[7] Pretend Office – Almost certainly among the best companies in the field that it’s in
[8] The Business (novel) – Wikipedia (Amazon)
[9] Really?
[10] Twenty Twelve – Wikipedia (buy from Amazon)
[11] Absolute Power – Wikipedia (buy from Amazon)

2.0 Odds

Some odds and ends that have stuck in my head over the past week.

With Periscope and Meerkat (honestly, the latter is still confusing me as every time it appears in my stream I keep thinking people are freaking out about finding a great car insurance deal) (re)introducing live streaming to a new(er) audience, two thoughts. That the traditional “In the future, everyone will be famous for 15 minutes” is instead, or as well, “everyone is famous to 15 people” in that *for the vast majority of people*, *most of the time*, they’ll be doing mundane stuff that probably 15 people in their “graph of social relationships” will care about.

The second thought, in response to people pointing out how soon we forget the live-streaming path paved by Justin.tv, is that you can still have the right idea at the wrong time, or, more accurately, the right idea at a less-right time. Justin.tv did quite well in the end, turning into Twitch.tv and figuring out what it was good for *at the time* and finding a deep and broad audience. In the meantime, it’s probably true that there’s *an* audience for massive scale live-streaming of video from practically anyone, but that has more to do with the ubiquity of the networked lens than it has about “the right idea”.

This was also the week that Layout, by Instagram came out[1], to which my only response is: if you choose a name for your product and want it to be strongly protected in law, then choose a name that can be strongly (and ideally, most strongly) protected in law. That means, in most cases, going for a Registered Trademark, which comes with a bunch of rules about the *kinds* of words that can be trade marked. If you’re going to choose a word that probably *can’t* be trademarked, like “Paper” or “Layout” or, god forbid, Windows[2], then yes, you can and should complain that it’s a dick move when someone comes in and also calls *their* product Paper or Layout or Lindows, but hey, those are the breaks.

And then there was this list[3] of the first batch of Apple Watch apps that at first glance (ha), appeared to be more along the lines of “shit, we’d better figure out what to do with this” and use-cases that aren’t strictly suited to having a 42mm display strapped to your wrist. But hey: I don’t have an Apple Watch, and until I’ve got one and have, um, had my needs delivered against by a Redfin app giving me a push notification on my wrist whilst I’m on my morning walk, then I should probably reserve judgment.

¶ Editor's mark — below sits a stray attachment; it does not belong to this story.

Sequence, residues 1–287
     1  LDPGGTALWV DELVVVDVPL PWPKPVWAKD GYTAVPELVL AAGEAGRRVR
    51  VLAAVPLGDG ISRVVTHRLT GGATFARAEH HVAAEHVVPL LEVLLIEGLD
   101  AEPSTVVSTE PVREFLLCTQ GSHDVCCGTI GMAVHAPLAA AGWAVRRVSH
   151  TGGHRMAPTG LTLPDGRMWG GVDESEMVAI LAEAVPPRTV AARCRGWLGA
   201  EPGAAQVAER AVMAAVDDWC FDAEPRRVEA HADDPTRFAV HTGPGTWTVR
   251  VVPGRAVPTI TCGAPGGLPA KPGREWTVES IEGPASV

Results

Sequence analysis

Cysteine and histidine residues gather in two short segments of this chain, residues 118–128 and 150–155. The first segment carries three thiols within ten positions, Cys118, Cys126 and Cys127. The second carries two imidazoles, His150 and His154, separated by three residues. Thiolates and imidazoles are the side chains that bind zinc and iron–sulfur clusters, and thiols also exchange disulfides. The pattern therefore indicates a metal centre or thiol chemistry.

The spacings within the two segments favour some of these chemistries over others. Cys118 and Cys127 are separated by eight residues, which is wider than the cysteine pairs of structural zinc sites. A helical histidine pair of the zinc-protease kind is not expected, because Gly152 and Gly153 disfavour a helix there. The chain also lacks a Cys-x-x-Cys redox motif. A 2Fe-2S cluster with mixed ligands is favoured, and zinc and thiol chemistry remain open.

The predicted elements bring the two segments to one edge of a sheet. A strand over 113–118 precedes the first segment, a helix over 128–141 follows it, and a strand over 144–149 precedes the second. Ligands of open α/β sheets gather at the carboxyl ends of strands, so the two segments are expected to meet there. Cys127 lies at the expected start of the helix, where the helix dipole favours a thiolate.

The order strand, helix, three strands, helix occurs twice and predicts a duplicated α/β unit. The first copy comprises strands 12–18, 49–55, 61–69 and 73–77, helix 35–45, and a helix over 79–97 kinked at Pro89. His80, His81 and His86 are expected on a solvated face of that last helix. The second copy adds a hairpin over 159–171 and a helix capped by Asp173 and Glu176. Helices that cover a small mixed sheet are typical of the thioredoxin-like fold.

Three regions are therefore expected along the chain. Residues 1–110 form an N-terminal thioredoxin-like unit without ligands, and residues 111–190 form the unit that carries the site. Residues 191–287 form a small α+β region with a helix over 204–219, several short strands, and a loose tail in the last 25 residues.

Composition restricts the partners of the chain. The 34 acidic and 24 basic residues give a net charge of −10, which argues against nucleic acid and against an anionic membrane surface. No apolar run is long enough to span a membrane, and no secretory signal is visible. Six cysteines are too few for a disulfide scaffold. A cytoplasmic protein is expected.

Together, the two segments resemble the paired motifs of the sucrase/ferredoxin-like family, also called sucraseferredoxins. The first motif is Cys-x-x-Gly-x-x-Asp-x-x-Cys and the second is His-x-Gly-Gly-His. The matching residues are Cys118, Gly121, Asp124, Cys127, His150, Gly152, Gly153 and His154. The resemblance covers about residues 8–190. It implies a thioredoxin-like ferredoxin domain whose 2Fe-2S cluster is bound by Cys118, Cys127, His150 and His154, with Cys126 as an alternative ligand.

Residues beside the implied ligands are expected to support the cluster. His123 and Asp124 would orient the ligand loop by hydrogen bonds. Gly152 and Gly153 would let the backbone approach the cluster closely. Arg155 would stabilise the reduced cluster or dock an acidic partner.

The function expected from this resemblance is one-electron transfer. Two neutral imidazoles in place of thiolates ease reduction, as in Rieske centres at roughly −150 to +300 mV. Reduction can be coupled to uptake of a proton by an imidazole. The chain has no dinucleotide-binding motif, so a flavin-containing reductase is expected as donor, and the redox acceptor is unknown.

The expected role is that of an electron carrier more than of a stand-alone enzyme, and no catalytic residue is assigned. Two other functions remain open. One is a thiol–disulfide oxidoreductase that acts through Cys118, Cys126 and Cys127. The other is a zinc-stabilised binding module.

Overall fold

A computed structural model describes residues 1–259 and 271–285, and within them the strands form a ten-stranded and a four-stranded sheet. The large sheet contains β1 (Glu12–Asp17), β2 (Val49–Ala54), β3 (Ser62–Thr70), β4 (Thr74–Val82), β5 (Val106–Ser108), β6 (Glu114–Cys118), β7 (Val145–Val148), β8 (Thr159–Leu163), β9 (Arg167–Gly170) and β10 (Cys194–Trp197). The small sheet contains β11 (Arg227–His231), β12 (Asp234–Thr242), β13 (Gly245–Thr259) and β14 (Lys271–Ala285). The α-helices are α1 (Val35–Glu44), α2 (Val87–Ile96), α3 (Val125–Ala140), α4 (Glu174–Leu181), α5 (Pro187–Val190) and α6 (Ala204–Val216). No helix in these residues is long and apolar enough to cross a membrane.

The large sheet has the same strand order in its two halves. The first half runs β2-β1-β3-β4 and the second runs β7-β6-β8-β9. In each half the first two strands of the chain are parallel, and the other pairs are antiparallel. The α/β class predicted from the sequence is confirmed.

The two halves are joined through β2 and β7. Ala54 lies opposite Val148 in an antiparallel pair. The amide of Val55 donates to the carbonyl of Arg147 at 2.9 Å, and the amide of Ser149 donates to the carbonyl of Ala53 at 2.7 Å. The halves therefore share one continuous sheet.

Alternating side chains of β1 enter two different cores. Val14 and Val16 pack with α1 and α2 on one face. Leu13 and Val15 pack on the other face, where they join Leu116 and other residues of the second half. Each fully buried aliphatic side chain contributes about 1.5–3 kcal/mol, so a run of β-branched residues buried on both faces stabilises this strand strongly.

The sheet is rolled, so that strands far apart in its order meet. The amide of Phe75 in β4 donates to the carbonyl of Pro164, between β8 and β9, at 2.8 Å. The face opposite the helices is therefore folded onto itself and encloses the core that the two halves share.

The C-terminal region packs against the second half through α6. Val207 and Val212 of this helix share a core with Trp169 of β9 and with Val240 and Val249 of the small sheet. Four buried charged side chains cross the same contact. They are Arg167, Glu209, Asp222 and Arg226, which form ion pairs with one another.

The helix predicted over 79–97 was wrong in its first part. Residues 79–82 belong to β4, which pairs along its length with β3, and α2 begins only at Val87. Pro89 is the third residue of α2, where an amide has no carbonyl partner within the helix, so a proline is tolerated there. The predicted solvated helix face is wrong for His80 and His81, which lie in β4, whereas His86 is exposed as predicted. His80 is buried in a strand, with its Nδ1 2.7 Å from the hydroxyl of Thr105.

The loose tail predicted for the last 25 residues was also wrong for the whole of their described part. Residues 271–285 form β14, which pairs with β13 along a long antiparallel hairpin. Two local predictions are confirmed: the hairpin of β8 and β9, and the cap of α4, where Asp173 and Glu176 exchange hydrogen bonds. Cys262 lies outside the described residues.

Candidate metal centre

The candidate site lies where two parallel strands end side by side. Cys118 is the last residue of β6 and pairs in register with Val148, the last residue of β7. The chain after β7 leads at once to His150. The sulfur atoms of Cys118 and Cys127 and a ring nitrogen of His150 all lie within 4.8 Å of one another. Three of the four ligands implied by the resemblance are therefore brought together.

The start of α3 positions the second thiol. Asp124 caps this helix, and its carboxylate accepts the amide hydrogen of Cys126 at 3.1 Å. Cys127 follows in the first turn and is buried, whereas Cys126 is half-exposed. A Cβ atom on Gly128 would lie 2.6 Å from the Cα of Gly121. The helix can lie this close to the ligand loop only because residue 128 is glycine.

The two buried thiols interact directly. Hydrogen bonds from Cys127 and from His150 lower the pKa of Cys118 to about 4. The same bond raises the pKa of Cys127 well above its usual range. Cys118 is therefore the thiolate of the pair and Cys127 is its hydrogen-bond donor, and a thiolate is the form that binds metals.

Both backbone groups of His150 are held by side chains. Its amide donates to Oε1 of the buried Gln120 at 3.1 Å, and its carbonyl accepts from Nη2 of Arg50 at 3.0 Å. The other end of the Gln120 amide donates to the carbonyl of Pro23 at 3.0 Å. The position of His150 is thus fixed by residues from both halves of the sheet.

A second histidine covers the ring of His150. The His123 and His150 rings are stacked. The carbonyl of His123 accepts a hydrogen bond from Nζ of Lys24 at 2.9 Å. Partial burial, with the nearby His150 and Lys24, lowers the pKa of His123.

What is cool, though, and what I remain interested in, is the idea of an app like Dark Sky, which tries to do just one thing well (is it going to rain now) and it notifying you via push to your watch and tactile feedback. A soft knocking on your wrist to let you know that it’s going to rain? This kind of thing, a new sense in a non-visual manner, brings to mind what Quinn Norton was doing with body hacking back in 2006 (nearly 10 years ago!), implanting a magnet in her fingertip[4] to add electro-magnetic fields to her range of stimuli.

If you combine *that* sort of stuff with what the Taptic Engine might be able to do, and throw in a bit of what the Japanese are gleefully throwing in the face of the developed world still thinking that real-time transit notifications are pretty nifty (ie: not just telling you if your train is on time, but what the temperature and passenger density is inside each car[5]) and *feeling* information like that instead of having to visually parse it, well. That’s super fun.

[1] Daring Fireball: Layout vs. Layout
[2] http://en.wikipedia.org/wiki/Microsoft_Corp._v._Lindows.com,_Inc.
[3] Apple Watch Apps Begin Showing Up in the App Store Ahead of Apple Watch Launch – Mac Rumors
[4] Implanting magnets for a sixth sense « Mind Hacks
[5] Cabel Sasser on Twitter: “Japan Railway’s app has live data, sure… including the crowdedness and inside temperature of EACH TRAIN CAR. 😍/😭 http://t.co/ySz1oTuIbF”

10:04pm. That’s it for me. Have a good weekend, all.

Best,

Dan